Euro recovers despite looming Greek default
30/Jun/2015 • Currency Updates•
Sterling started the week strongly against the Dollar, although ended lower against a rejuvenated Euro on Monday. The Pound finished the London trading session 0.25% up versus the US Dollar and 0.7% down against the single currency.
Economic announcements in the UK yesterday mostly missed expectations and weighed on the Pound. The number of mortgages approved in Britain fell unexpectedly in May. Mortgage approvals, as released by the Bank of England, declined from a revised 67,580 to just 64,434, after a slight increase was forecast. This goes against much of the recent data we’ve seen out of the UK of late, which showed the housing market has been picking up in recent months. Meanwhile, the central bank also released figures showing that growth of lending to consumers eased back slightly in May, although remained at a very strong level. The measure of consumer credit decreased in May to just over £1 billion, although on a three month annualised basis, registered its fastest growth in almost ten years.
There will be a number of second tier economic announcements in the UK this morning. Focus will be on the latest growth figures for the first quarter of the year, which is expected to show a slight upward revision to an annualised 2.5%.
Following sharp declines on the back of Sunday’s headlines in Greece, the Euro rallied yesterday, appreciating by a massive 1% versus the Dollar.
Uncertainty in Greece continues to dominate headlines. The country is now all but set to miss its $1.77 billion debt repayment to the IMF today, however, traders showed a lack of panic over the prospect yesterday. While capital controls are now in place in the country, the Greek government announced it would open some banks on Thursday, despite the ECB announcing it rejected Greece’s request for 6 billion Euros of extra emergency funds on Sunday. A latest poll from Reuters now places the chance of a Greek exit at just shy of 50/50. President of the European Commission admitted that Sunday’s referendum vote in Greece would decide whether the country will stay in the Euro-area.
Away from Greece, there was some disappointing inflation data in Europe’s largest economy. Consumer prices in Germany grew in June according to the initial estimate, although were down on expectations. Month on month inflation declined by 0.1%, with prices increasing by just 0.3% on this time last year, a sign that the ECB’s quantitative easing programme has yet to take hold.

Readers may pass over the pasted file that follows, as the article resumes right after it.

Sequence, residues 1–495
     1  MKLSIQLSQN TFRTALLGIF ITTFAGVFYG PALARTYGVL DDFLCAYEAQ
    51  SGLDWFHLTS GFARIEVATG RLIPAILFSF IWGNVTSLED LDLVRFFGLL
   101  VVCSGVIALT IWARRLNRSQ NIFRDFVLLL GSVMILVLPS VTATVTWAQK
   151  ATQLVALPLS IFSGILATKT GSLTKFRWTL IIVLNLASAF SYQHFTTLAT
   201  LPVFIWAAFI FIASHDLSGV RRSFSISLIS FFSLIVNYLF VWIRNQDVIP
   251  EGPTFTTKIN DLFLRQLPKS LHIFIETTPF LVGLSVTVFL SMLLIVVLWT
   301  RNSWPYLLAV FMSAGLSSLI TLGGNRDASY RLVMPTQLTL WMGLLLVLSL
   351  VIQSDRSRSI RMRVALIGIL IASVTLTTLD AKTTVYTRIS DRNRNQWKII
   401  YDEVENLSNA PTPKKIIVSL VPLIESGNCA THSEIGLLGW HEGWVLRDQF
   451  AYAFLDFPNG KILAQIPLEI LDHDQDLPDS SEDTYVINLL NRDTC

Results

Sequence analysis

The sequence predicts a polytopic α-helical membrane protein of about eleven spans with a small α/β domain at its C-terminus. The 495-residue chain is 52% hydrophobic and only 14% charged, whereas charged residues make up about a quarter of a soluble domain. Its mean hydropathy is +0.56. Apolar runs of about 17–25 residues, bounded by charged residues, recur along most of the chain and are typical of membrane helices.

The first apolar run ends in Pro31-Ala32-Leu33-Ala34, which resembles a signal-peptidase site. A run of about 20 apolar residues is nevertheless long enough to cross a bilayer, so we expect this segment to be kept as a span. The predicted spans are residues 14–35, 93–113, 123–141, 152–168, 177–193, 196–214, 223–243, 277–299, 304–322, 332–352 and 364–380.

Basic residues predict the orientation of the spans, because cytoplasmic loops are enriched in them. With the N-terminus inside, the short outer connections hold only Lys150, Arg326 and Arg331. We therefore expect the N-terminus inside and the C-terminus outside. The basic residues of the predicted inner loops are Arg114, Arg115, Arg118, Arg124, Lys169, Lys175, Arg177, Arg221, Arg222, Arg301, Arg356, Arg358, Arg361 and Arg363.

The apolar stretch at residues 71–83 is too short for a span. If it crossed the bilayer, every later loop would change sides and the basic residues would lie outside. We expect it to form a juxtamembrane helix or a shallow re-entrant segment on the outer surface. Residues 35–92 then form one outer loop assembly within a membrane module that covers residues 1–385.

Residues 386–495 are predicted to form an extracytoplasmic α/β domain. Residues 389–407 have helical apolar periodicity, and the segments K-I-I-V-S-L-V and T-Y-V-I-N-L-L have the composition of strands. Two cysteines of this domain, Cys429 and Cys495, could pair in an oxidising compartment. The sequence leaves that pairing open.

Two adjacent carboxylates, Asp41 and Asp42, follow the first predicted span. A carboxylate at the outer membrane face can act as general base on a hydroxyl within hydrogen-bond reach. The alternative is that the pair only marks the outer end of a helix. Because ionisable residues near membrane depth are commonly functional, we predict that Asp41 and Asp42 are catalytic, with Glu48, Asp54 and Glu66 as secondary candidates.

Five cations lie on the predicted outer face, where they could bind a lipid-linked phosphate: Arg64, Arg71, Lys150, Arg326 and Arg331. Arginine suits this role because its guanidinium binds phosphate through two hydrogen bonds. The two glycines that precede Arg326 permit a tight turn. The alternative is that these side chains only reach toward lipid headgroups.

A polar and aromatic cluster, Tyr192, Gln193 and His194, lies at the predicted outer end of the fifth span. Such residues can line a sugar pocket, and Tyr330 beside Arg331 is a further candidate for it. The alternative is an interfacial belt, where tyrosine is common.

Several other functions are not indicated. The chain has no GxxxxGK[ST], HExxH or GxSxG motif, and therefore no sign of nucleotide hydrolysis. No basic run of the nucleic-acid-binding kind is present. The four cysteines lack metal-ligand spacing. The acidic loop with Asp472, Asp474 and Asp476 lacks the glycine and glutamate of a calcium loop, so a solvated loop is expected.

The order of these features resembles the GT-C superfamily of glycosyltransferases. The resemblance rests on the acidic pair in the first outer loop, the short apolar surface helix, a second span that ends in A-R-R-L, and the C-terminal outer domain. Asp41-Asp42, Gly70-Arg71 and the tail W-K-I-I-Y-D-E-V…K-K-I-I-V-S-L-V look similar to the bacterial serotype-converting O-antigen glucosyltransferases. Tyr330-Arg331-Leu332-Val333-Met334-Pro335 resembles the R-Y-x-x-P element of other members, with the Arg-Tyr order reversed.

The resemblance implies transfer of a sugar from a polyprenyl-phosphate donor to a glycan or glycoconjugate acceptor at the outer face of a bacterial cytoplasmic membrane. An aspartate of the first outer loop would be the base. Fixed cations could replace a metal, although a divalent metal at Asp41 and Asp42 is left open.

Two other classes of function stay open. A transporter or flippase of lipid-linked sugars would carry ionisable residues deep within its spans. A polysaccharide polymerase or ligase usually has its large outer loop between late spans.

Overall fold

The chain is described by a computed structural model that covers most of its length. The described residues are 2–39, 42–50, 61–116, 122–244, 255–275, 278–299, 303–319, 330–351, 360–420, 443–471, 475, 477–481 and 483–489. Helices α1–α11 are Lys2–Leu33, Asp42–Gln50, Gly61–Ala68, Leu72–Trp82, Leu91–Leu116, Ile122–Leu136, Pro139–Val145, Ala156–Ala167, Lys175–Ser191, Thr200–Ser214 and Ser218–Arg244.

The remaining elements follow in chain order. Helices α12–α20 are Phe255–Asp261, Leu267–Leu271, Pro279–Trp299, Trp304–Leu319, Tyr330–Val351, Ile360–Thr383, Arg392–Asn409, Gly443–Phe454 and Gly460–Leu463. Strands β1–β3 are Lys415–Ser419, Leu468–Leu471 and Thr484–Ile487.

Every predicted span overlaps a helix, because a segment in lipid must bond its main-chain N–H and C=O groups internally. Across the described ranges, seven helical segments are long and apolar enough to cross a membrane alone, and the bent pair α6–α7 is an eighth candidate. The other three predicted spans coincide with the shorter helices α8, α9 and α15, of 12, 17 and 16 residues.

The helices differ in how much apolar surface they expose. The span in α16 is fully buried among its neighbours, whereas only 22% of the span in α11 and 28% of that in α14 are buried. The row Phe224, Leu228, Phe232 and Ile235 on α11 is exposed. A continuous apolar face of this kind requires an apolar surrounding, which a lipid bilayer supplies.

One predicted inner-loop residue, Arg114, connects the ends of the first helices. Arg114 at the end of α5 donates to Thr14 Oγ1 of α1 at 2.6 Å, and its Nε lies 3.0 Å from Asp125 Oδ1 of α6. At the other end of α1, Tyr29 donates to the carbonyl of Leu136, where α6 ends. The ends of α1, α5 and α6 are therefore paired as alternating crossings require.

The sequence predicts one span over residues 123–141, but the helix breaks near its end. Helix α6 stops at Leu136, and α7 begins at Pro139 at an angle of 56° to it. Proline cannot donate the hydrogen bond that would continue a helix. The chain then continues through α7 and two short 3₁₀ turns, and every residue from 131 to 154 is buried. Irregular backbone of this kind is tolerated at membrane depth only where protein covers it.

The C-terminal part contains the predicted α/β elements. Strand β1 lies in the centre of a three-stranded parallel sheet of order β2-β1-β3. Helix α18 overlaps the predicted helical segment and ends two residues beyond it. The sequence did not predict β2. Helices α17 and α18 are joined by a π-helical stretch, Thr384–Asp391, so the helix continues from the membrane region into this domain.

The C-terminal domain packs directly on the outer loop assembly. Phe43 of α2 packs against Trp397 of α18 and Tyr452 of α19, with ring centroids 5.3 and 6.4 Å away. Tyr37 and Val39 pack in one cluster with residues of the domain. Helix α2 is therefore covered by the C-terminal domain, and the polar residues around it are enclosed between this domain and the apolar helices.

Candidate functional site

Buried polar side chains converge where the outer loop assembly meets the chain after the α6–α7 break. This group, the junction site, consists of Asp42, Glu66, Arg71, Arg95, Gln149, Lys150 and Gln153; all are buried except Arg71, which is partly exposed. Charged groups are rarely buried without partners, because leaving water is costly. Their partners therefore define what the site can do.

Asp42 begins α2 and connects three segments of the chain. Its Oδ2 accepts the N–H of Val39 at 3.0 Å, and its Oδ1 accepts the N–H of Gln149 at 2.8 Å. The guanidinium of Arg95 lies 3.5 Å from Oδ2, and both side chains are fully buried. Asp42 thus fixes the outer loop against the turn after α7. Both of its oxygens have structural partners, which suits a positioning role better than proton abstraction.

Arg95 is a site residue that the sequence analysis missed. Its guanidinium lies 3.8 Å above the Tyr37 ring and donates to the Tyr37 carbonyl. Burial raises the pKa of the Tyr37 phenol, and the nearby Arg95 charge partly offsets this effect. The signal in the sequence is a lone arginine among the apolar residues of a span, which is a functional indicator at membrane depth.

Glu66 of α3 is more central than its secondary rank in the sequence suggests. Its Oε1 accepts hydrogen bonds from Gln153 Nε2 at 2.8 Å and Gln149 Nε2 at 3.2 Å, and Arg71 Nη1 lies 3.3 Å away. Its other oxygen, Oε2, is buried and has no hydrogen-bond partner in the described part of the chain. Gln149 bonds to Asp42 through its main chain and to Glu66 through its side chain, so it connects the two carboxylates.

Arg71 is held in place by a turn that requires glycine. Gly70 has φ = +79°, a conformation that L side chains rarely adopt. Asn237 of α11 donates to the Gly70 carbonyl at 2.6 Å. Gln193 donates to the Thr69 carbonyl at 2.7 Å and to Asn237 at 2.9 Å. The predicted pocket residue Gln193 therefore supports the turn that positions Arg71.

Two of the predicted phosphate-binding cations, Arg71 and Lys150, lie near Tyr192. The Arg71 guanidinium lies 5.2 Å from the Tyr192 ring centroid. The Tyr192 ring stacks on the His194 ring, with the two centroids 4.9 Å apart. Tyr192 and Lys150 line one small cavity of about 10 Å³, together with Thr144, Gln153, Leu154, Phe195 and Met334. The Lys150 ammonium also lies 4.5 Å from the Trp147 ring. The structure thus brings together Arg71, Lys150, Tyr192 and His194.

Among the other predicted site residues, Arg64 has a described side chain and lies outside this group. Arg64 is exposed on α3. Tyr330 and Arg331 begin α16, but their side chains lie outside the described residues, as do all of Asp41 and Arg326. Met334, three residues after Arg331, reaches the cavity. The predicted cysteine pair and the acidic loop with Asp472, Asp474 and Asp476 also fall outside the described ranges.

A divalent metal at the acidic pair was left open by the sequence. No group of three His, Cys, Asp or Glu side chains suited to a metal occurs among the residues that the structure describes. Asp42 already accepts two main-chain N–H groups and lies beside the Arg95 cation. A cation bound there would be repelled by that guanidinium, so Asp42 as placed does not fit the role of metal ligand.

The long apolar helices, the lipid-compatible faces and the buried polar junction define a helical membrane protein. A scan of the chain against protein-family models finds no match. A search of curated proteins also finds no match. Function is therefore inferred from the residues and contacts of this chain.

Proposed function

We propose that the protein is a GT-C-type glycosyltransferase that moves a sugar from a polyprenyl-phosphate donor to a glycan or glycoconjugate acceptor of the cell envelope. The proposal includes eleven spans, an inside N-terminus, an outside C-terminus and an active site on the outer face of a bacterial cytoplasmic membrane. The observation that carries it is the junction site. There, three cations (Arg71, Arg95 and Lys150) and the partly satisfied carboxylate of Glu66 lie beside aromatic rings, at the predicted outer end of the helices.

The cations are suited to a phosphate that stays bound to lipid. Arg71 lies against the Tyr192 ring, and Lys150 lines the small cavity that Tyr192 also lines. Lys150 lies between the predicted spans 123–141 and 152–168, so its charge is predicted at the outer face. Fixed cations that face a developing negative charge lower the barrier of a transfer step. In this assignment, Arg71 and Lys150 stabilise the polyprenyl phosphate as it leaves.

Today we’ll have the latest unemployment figures from Germany and the Eurozone, followed by inflation figures for June at 10am BST.
All of the Dollar gains over the weekend were wiped out on Monday, with the US Dollar index returning to Friday’s levels, having declined by 1%.
The number of pending home sales, a measure of contracts to buy previously owned homes in the US, continued to rise strongly in May. Pending home sales climbed to a nine year high, having increased by 0.9% month on month, and by an annualised 8.3%. This marked the fifth consecutive month of increases, and gives a further indication that the US economy is in an increasingly strong position after recent retail sales, consumer sentiment, and employment data suggested the economy was building momentum following its first quarter slowdown. However, markets were little moved by the good data, with traders instead focused on developments in Greece. Elsewhere, the Dallas Fed manufacturing index improved on last month, although remained negative at -7.0 in June, from the -20.8 recorded in May.
In the US economy today, the Conference Board will be announcing its consumer confidence measure for June at 3pm. Confidence is expected to increase marginally on previous, having dipped slightly from the eight year high recorded at the beginning of the year.
Rest of the world
The Swiss National Bank confirmed that it intervened in the foreign exchange market over the weekend in a bid to hold down the Swiss Franc in the midst of uncertainty in Greece. Meanwhile, Polish Prime Minister Ewa Kopacz claimed that the Polish Central Bank has the resources to intervene in the FX market if required.